At least 13 coal miners have been killed in the Czech Republic following a deadly methane explosion around 2,600 feet underground.
The level of methane in the mine near the town of Karvina was at least 4.5 times the allowed level at the time of the explosion Thursday afternoon, said Bohuslav Machek, a spokesman for the Czech mining authority.
"To our knowledge... there is a fire underground, very high temperature, very high risk of subsequent explosions," Polish Prime Minister Mateusz Morawiecki added.
Officials say 12 of the dead were Polish nationals while one was Czech, and that 10 other miners were injured in the blast. Rescuers are braving the fire in an attempt to recover the bodies.
Polish President Andrzej Duda declared Sunday a day of national mourning for the victims of the tragedy. Flags in Poland will be lowered to half-staff on public buildings and large sporting and entertainment events will be canceled.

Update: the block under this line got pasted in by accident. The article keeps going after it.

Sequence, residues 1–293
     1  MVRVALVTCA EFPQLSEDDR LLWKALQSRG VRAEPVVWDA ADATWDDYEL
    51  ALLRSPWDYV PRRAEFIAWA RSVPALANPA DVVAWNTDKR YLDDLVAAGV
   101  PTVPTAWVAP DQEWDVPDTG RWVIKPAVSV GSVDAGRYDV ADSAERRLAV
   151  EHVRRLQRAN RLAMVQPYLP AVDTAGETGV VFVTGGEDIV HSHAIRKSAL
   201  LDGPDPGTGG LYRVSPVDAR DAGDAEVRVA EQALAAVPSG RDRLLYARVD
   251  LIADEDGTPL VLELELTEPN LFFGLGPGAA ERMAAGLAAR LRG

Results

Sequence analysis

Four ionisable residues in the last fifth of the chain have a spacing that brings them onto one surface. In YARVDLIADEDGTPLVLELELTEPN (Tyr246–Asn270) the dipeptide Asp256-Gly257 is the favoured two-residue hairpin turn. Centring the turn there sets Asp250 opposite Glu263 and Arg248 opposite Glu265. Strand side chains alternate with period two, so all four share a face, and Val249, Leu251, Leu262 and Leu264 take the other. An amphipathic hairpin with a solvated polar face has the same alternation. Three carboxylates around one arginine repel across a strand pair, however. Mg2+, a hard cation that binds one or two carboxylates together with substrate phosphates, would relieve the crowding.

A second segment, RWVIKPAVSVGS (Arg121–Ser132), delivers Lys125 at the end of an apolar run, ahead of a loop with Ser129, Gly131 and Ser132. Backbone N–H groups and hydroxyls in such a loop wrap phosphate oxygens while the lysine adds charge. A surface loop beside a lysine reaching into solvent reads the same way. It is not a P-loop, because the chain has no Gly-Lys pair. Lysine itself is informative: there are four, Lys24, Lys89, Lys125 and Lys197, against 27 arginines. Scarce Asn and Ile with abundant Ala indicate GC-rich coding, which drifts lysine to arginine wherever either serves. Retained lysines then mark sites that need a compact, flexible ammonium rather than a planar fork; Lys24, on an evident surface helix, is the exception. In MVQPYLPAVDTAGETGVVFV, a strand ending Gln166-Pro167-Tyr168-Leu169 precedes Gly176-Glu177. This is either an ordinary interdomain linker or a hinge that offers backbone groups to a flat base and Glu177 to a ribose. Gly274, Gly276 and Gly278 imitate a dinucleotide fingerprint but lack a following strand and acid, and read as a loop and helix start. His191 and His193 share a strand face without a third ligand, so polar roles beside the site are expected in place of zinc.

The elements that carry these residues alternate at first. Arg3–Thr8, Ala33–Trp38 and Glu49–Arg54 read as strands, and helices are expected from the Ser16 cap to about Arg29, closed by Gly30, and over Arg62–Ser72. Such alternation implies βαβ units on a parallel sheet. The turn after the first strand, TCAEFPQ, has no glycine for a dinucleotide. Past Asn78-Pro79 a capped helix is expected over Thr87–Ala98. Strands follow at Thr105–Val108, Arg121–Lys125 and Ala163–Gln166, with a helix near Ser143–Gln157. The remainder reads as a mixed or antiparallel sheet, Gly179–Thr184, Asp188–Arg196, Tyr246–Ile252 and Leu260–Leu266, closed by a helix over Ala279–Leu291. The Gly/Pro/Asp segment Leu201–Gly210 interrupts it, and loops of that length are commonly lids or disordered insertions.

Morawiecki and his Czech counterpart Andrej Babis have offered their condolences to the families of the victims. The two leaders visited the mine on Friday.
One of the miners injured in the explosion was in critical condition with burns over 50 percent of his body, a hospital spokesperson told the Associated Press.
"I wish to express words of deepest sympathy to all the close victims of the mining disaster in Karvina," Morawiecki said. "This is a huge tragedy for all Poles and Czechs. On this difficult day, we strongly show our solidarity and sense of national community."
Czech officials say efforts to recover the bodies are ongoing Friday despite a fire in the mine.
The Associated Press contributed to this report.